Maybe I would like to try collodion wet plate photography, IF I only had a camera and a lens for that purpose, and IF I had a wet plate holder for the camera, and IF I could acquire all the chemicals and stuff here in Finland, and IF I could construct some kind of portable darkroom for processing the plates, and so on…

Quite many “if”s there, when dreaming of wet plate photography! Yet, there are some very special qualities in a collodion wet plate photograph (particularly in a glass ambrotype) that you can’t find in any other photographic image. I guess the success in the process is very much dependent on the photographer’s chemistry and darkroom skills. You expose the final plates in camera, so you need to use a large format camera to get large format images. Plus, if you want to create something noteworthy with the process, you will have to be an artist as well… 😉

Anyway, I added the “Ambrotype” tag on the sidebar, with intent on giving the wet plate process a try. I’ll be doing this now and then, and between other tasks. I have already ordered some chemicals from a Finnish supplier and Artcraft Chemicals from USA.

But first things first – I have to make sure that my camera suits wet plate working. I have an older Tachihara 8×10″ wooden view camera, no lens. The camera should be just fine for starting wet plate work, and maybe I could build a lens myself for the first tests.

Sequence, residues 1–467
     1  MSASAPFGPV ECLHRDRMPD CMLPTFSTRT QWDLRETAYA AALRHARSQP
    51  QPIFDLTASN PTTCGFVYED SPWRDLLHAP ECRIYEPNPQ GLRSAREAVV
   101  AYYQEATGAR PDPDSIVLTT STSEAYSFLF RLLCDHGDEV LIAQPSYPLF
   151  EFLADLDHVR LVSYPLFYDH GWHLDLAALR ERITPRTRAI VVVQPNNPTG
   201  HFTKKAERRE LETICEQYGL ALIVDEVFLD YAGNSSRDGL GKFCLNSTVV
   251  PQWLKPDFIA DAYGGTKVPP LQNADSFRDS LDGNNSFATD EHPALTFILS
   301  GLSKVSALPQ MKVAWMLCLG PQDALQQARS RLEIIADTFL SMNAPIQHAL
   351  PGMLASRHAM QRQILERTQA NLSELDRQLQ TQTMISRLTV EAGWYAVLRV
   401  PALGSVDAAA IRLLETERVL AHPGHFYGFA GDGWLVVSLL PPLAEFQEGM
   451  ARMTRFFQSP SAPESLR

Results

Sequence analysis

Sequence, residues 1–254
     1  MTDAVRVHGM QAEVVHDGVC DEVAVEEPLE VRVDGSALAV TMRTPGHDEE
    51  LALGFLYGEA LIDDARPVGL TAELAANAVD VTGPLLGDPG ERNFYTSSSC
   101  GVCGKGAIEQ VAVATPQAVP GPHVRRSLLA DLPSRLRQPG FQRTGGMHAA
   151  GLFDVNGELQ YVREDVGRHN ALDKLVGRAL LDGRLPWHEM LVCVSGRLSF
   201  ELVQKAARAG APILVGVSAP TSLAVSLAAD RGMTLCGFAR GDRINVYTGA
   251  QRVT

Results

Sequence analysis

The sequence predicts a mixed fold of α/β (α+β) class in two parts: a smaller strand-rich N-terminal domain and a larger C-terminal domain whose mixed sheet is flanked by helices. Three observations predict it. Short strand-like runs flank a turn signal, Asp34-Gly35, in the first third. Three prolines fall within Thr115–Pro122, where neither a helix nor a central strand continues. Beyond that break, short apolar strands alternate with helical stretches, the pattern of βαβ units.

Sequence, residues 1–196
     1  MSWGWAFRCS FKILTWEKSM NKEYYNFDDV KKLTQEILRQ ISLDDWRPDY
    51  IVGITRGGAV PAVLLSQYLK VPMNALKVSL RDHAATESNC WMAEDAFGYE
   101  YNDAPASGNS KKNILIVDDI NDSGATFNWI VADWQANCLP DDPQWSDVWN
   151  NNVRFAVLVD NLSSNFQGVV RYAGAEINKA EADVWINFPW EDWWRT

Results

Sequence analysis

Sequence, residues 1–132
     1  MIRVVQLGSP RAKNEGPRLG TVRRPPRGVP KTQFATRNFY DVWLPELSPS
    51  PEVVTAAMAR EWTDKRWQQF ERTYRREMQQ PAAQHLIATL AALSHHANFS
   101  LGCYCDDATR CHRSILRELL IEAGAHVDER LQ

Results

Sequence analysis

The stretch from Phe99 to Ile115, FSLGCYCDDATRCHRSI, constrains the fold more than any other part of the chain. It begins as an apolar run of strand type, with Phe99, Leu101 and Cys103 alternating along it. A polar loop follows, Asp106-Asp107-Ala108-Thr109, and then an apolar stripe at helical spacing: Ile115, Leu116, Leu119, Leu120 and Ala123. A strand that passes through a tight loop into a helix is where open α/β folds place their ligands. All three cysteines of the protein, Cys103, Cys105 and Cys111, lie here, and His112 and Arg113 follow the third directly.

I also need a special plate holder; can’t use the standard 8 by 10″ film holder. But a conventional two-sided film holder can be modified by cutting an opening for a glass plate. This is just what I did to an old wooden sheet film holder.

Here’s my old wooden sheet film holder with the dark slides removed. On the left I have cut a hole out of the septum, and (on the right) inserted silver wires to each corner to hold the glass plate. I also had to make other minor modifications, because the holder’s dimensions are a bit different from modern 8×10 holders.

A few years ago, inspired by Alan Greene‘s excellent book Primitive Photography – A Guide to Making Cameras, Lenses, and Calotypes – I ordered three inexpensive positive meniscus lenses from Surplus Shed. I haven’t used the lenses since, but now, by loosely following Greene’s instructions I built two lens systems for my Tachihara; one is a single element “landscape” lens with focal length of 400 mm and aperture of F:6.7. The other one is made of two identical positive lenses, so it is a kind of symmetrical 200 mm duplet lens. These are very much prototypes, built into cardboard tubes (actually Pringles potato snack cans) painted with matte black spray. Greene recommends PVC tube for lens building, which is a good idea, but I thought I’d make some quick tests first with very simple construction.

Basic materials for building simple lens objectives for a view camera: Pringles cans with caps, cheap lenses, black foam-core, some glue, a cutting knife, and matte black spray paint.
On the left I have some building material, and on the right the finished 200mm duplet and 400mm landscape type lenses, separate interchangeable stops (made of Pringles caps) and a lens cap (which is just a coffee jar cover painted black).

Tachihara 8×10″, equipped with the 400mm lens.

Very soon I’m going to shoot some paper negative tests to see if my plate holder is light tight… and to find out how my new lenses perform!

« Previous Page